In prisons all over the world, the most crucial issue for prisoners is where one has to live, and with whom. Confined to an 8’ by 14’ cell with another human being can be a nightmare. Most of us have no say in the choice of “Bunkies,” as cell mates are called here. If a bunky is moved – even after two or three years with the same person – sometimes a total stranger is living in the cell within minutes.
Having a good roommate seems to be everyone’s goal, but I tried another approach years ago. Being a good roommate is a goal I have more control over. The result has been that in 10 years since being moved from the 8-man cells (see Field of Dreams), I have never had a roommate (we prefer to call our cells rooms) request a move.
The downside of that is that I have had some very dysfunctional roommates who have no wish to move elsewhere. My assigned roommates here have ranged in age from 19 to 67 or so, and have included men convicted of murder, rape, armed robbery, various drug crimes, and gang-related crimes. Everyone here knows all the details of why everyone else is here. Rumor and gossip fills in what the facts leave out.
My roommate of the last year was also a good friend for several years. It was the first time I have been assigned to live with someone I know well, so it feels more like living with a family member than a felon.
Pornchai (his name is Thai, and the “r” is silent, as in “Paunch-eye”) is 35 years old and has been in prison – for murder – since the age of 18.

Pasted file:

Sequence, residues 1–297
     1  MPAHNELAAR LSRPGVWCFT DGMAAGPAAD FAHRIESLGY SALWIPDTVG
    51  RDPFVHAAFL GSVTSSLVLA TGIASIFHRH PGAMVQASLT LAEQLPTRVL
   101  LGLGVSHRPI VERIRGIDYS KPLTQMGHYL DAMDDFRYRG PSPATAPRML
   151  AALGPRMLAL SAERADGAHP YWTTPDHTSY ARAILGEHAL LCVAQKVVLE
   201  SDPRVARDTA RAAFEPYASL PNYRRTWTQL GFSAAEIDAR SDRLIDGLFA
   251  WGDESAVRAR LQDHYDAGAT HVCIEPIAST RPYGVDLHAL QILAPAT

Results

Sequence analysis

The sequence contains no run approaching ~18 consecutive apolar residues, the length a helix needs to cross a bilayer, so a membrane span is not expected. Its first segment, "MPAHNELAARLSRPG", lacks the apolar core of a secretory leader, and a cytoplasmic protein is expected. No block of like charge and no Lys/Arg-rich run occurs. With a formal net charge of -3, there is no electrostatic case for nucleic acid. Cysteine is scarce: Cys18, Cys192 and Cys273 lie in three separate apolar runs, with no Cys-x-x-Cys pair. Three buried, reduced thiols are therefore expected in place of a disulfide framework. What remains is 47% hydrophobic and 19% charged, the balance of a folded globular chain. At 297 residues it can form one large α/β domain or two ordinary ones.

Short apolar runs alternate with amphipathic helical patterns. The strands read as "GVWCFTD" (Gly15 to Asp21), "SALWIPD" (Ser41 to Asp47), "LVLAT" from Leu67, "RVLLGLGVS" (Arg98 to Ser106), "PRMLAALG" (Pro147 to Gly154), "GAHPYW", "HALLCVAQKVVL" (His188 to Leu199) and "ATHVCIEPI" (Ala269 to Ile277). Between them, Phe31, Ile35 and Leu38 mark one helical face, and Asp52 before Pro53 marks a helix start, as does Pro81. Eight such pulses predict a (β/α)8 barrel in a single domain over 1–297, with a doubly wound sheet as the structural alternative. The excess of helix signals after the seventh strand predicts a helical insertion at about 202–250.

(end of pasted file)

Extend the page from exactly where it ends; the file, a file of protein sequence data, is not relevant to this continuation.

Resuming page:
He is a convert to the Catholic faith and currently a scholarship student in theology in the Catholic Distance University’s excellent Distance Learning Program for prisoners.
Pornchai caused a minor sensation last year when he wrote a very brief autobiographical sketch that ended up being published as “The Conversion Story of 2008” by The Catholic League. You can find “Pornchai’s Story” on this website in the Commentary section.
A year after publication, Pornchai still receives occasional mail about his life story. The most recent being a personal letter from Cardinal Kitbemchu, the Archbishop of Bangkok, and a note from Mary Ann Glendon, former U.S. Ambassador to the Holy See. Oh, and there was also a letter from the late Father Richard John Neuhaus.
Pornchai takes fame in stride, though one letter had a profound impact. It was from a young man who wrote that he turned his life around, dropped out of his gang, swore off drugs, and returned to faith after reading “Pornchai’s Story” on-line.
Pornchai mistakenly credits me with some small role in his extraordinary life of late. He has fallen under the power of grace and cannot escape it now even if he tried. Now, he creates. Here is a photo of one of his creations, “The Olde Baldy” (named after me) which he carved piece by piece (over 600 of them) from scratch.
Feel free to leave comments for Pornchai below in the comments area.